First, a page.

We chose to pay for a taxi to take us up the mountain and to hike the 1.5 hours down on our own. This was an excellent use of time, as we avoided the more strenuous act of hiking up while still being able to enjoy the sites and views along the way. The ruins and landscape are beautiful and interesting, and the path is easy to follow on your own or with children. We consider the hike around Pisac ruins one of our favorite family hikes and one of the top things to do in Cusco!
Time needed: 30-60 minutes for top ruins, 1.5-2 hours to hike down and see other ruins
Bonus:The Pisac craft market, just below the hike’s exit into town, is considered one of the best, most authentic craft markets around Cusco. Plan your visit to Pisac around opening hours of the market to look at or shop some of the best handicrafts of the region!
How to get to Saqsayhuman ruins from Cusco: Saqsayhuman is the easiest set of ruins to access directly from Cusco. It includes a walk of many stairs from the historic city center, past residential houses built into the mountainside, up the rest of the mountain to a flat mountain road. Continue left along this road until you pass signs for Cristo Blanco and Saqsahuaman.
Hike takes around 30 minutes.
Alternately, you can catch a colective in town with signs for “Saqsayhuman”.
What’s special about Saqsayhuman:This huge set of ruins was specifically placed in this location to appear as the head of Cusco’s Puma shape. It is dedicated to the Inkan gods Puma, Hawk, and Serpent, and includes a zig zag section resembling puma teeth and a large, slick section of rock called the “Inka Slide” visitors can use.
You’ll also find indigenous women offering pictures with their alpacas, some of the best views of Cusco, and examples of both Inkan rock engineering and pre-Incan architecture.
We loved the variety of engineering and things to do and see at these ruins, as well as their proximity to Central Cusco. Visiting here offers so much value that it’s really a no-brainer! If you aren’t interested in a long commitment to see ruins, this is the one for you!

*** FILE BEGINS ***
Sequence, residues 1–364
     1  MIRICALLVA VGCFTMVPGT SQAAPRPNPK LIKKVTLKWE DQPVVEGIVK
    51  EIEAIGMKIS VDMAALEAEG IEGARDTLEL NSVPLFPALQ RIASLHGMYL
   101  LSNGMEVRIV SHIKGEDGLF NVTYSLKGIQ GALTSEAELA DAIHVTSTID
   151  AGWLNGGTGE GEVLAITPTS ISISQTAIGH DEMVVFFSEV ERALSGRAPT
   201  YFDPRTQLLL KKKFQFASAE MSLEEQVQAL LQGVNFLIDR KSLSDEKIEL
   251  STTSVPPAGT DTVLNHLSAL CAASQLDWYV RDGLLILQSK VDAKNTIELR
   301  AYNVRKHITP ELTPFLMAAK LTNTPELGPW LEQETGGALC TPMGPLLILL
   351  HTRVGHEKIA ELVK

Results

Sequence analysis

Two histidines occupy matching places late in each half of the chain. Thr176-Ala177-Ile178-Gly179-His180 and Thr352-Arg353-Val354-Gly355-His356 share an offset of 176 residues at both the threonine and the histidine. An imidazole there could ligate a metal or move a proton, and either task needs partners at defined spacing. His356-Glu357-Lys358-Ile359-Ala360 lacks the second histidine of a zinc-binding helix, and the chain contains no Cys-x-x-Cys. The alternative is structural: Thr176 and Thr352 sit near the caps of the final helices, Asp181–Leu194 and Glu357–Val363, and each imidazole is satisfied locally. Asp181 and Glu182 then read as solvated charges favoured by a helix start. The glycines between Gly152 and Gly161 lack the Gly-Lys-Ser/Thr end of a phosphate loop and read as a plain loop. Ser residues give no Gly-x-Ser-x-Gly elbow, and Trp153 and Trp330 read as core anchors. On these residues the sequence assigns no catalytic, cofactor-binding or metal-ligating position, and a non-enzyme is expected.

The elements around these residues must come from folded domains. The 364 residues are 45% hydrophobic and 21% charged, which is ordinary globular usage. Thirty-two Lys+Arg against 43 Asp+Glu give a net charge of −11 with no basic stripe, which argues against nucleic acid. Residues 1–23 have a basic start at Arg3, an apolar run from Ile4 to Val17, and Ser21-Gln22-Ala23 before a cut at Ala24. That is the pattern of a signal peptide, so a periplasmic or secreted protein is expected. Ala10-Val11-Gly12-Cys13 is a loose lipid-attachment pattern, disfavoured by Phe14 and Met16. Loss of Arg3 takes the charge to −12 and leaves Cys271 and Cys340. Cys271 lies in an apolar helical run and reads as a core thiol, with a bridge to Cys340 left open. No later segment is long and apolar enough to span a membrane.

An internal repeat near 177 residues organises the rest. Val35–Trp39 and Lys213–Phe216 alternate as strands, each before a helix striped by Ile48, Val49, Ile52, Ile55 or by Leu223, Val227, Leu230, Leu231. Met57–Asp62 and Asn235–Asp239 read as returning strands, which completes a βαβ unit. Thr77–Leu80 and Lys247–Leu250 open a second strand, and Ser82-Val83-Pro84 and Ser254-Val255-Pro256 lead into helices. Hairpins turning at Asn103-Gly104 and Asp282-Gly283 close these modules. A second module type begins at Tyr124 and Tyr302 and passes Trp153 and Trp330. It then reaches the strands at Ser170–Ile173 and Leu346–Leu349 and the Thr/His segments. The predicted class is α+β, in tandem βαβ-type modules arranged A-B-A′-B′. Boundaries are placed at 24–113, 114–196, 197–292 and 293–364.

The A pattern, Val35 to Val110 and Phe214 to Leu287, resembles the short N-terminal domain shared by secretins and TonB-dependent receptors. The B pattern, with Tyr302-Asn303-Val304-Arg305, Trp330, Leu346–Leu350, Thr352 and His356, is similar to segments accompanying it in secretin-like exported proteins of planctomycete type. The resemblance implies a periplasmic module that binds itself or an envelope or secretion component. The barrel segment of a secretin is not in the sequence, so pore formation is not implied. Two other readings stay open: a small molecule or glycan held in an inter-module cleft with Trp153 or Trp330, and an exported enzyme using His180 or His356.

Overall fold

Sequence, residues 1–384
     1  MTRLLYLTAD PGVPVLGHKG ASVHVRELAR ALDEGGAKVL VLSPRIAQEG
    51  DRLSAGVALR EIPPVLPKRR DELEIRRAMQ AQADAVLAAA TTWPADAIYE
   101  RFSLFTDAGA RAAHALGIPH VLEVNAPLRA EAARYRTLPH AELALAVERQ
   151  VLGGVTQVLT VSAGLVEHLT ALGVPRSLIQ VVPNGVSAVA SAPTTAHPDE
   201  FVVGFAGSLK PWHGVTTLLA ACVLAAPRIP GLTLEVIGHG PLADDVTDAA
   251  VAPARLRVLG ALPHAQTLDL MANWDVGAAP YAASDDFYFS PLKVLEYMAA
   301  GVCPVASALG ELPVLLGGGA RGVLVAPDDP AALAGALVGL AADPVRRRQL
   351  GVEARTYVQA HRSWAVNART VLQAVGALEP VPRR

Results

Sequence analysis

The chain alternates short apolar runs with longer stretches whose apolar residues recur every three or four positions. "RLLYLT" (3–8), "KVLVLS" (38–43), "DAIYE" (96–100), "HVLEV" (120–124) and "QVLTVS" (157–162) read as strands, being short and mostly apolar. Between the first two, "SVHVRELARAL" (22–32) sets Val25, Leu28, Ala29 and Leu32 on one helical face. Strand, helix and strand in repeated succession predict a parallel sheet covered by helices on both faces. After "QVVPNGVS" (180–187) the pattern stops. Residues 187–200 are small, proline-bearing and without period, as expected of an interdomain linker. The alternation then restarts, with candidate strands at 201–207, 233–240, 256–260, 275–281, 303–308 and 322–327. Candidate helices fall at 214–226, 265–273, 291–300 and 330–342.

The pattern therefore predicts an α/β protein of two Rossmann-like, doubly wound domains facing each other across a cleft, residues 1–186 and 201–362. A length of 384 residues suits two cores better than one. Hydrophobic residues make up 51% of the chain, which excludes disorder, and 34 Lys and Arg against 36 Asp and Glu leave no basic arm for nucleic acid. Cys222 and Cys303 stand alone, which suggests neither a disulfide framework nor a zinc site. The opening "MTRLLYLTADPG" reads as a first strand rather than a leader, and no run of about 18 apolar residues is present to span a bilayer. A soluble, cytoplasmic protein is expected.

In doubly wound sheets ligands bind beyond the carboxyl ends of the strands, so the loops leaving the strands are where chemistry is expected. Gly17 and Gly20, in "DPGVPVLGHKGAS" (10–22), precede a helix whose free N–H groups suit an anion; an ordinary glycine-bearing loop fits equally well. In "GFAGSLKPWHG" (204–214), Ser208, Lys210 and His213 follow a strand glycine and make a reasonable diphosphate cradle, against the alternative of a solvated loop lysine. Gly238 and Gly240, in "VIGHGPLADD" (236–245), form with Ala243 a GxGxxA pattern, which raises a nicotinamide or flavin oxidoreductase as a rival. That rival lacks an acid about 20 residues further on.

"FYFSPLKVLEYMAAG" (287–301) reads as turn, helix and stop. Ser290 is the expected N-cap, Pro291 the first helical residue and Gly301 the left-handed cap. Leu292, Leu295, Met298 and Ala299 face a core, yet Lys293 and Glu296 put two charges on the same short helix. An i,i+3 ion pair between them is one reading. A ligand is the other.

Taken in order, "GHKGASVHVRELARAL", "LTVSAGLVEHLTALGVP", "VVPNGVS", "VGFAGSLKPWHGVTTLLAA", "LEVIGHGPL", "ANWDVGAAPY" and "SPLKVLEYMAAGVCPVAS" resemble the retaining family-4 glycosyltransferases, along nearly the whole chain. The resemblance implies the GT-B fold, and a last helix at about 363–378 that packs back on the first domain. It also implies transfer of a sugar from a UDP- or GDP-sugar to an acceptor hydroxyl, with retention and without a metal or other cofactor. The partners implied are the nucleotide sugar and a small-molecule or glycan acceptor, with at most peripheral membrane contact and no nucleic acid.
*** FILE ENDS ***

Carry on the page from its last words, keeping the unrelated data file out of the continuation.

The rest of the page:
Time needed: 2 hours to see the entire grounds
Bonus: Near the Saqsahuman ruins is Cristo Blanco, a giant Christus statue with open arms overlooking Cusco. The statue is free to visit, is a beautiful sight, offers more great views of the city, and features craft stalls during the day. You will pass it on your walk back and forth to Cusco.
How to get to Moray from Cusco: Use the buses at the Estacion de Colectivos para Urubamba y Ollantaytambo (as you do for Chinchero). You could plan to hit both (or all 3 major Sacred Valley ruins including Ollantaytambo) in one day as they are on the same bus route.
Bus to Moray costs 5 soles/ person.
The bus will let you out in the town of Maras. Take a taxi from Moras to Moray, about 7 km away on a dirt road full of tourist buses. You don’t want to walk this!
What’s special about Moray: This is the featured ruins site on advertisements for the Sacred valley. The circular terraces were originally designed as an agricultral experiment. Incas brought different types of dirt and fertilizer to each layer and grew different crops on each, experimenting with what grew best in different climates.
While you aren’t allowed to walking into the terrace circles, a walk around the outskirts leads to interesting views of the ruins. Take note of the temperature differential as you walk. It’s around 10 degrees cooler at the bottom as it is on the top!
Time needed: 30-45 minutes to walk both circular ruin sets.
Bonus:In the neighboring town of Maras you’ll find the Maras Salt Pans, a collection of individually-owned salt flats harvesting the salt from the canyon. These salt pools have been used and harvested since the Incan period! Your driver to Moray can take you to Maras Salt Pans for an extra fee, which doesn’t include the 10 soles entrance to the park. Visitors can walk around the entrance to the salt pans and access a viewing area, but are no longer allowed to walk into the individual salt pools.
How to get to Ollantaytambo ruins from Cusco: Find a colectivo bus on Calle Grau with a sign for “Ollantaytambo”. The ride will take around 90 minutes – 2 hours, so arrive early to get a good seat!
The bus to Ollantaytambo costs 10 soles/ person.
The bus will drop you off near the plaza in the town center. You will then follow the crowds to walk an additional 5 minutes past restaurants and shops in town to the entrance of the ruins.
Note: When returning to Cusco from Ollantaytambo ask for a bus to Cusco in the main plaza. Many will be waiting for extra passengers, so you shouldn’t have to wait long. The bus back to Cusco does not stop to pick up extra passengers, costs 10 soles/ person, and drops you off in San Fransisco Plaza (beside Plaza de Armas).
What’s special about Ollantaytambo:Ollantaytambo was an administrative center for the Incas, as well as a strong military fortress for the Incas against the Spanish Invasion.